KPMG finds signs of continued interest in Asian outbound investment during 2009

KPMG finds signs of continued interest in Asian...

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  • Outbound investment by Asian corporates set to continue, despite tough economic conditions 
  • Fewer Asian acquisitions of non-Asian targets have taken place, but intra-regional activity still evident
  • Sentiment, more than practical funding concerns, seen as an impediment to deal-making  

 

Executives around the Asia Pacific region see potential for an increase in outbound investment by Asian companies during 2009, although the global economic downturn has sharpened the differences of opinion in countries around the region, a new KPMG study reveals.

In the report, entitled Asia Pacific's New Corporate Landscape: Asian Outbound M&A, 63 percent of respondents said that they expect Asian outbound acquisitions of Asian targets to increase in the coming year, while only 8 percent expect a decrease. 

East Asian respondents were the most bullish on the prospect for outbound deals, while respondents based in Australia were more pessimistic. According to the survey, 50 percent of Australian executives see the outlook for M&A weakening. By contrast, more than 70 percent of respondents in South Korea, mainland China and Taiwan believe that outbound activity within Asia will increase over the next year. 

Respondents cited Chinese companies as most likely to step up their M&A activity within Asia Pacific in 2009. However, Japanese corporates are still regarded by one-third of respondents as most likely to lead outbound acquisitions of targets beyond the region. 

"Our research sheds some light on people's perceptions about the emergence of Asian corporate investors," says Julian Vella, KPMG's regional head of Corporate Finance. "People acknowledge the emerging role of China, but it is fair to say that many Chinese companies are still investing tentatively and more likely to make deals at home or within the region. By contrast, Japanese companies have the experience and the willingness to invest further afield, including into larger and more mature markets. The current strength of the yen has put many Japanese companies in an even better position to expand."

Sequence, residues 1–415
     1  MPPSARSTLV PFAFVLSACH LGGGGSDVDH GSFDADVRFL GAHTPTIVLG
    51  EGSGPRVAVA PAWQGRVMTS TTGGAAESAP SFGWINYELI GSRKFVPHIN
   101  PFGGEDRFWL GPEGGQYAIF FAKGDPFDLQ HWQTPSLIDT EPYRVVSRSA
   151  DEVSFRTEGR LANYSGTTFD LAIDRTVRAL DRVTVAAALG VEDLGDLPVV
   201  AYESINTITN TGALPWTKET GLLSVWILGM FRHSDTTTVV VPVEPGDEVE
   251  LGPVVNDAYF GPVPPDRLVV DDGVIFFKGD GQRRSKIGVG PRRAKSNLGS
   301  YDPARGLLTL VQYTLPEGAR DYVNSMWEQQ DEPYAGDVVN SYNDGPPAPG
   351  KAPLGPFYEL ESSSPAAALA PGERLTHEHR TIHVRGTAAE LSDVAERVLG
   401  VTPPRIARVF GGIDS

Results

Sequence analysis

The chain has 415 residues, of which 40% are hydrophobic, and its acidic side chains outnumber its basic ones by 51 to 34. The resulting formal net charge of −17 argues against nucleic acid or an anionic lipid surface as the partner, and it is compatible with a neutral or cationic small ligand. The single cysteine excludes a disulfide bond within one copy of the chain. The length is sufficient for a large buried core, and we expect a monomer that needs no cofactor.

Outbound investment slowed during the second half of 2008, both in terms of volume and value and Asian acquisitions of non-Asian targets fell particularly sharply. Having roughly fluctuated between USD 4-6 billion per quarter since 2005, activity dropped in late 2008 and in the final quarter just eight deals were completed, with a combined value of USD 1.1 billion. The value of intra-regional deals held up more strongly after its peak in late 2007, with around USD 5 billion worth for each of the first three quarters, dropping to USD 3.9 billion in the fourth quarter. 

In this context, 80 percent of respondents admitted to having abandoned plans for investments as a result of the changing economic situation. 

This is reflective of the wider slowdown in M&A occurring globally. KPMG International's latest Global M&A Predictor, which was issued on 12 January, predicted that M&A is likely to bottom out during the second or third quarters of 2009, albeit at heavily discounted valuations, with a full recovery unlikely to occur until the end of the year or early 2010.

Mr. Vella agrees that there is reason to hope that activity will pick up somewhat over the course of the year. "Almost half (45 percent) of the respondents that had suspended M&A deals over the past six months said they had done so because of poor market sentiment rather than for practical reasons," says Mr. Vella. "Only 19 percent said funding considerations had caused them to change their course of action. It seems to suggest that some people are waiting in the wings and may be in a position to make deals, at the right price, in the coming year." 

In this respect, executives see Asian outbound M&A occurring across a wider spread of sectors such as IT and communications, rather than traditional forays into Financial Services or natural resources. "There has often been a perception that Asian companies are driven to invest overseas in order to secure access to resources or to acquire technology and know-how," remarks Mr. Vella. "Our survey suggests that these motivations are secondary in most cases. Asian corporates are conducting M&A to pursue growth opportunities and increase their market share. That will remain a valid rationale for investment, even in a recessionary environment." 

 

- Ends -

1 "Global deal activity set to hit bottom in Q2/Q3, with gradual recovery from late 2009, claims KPMG's Global M&A Predictor," KPMG International, 12 January 2009
Appendix

Source: mergermarket

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KPMG's Advisory practice consists of experienced professionals from across Asia Pacific providing M&A due diligence, corporate finance and restructuring services.

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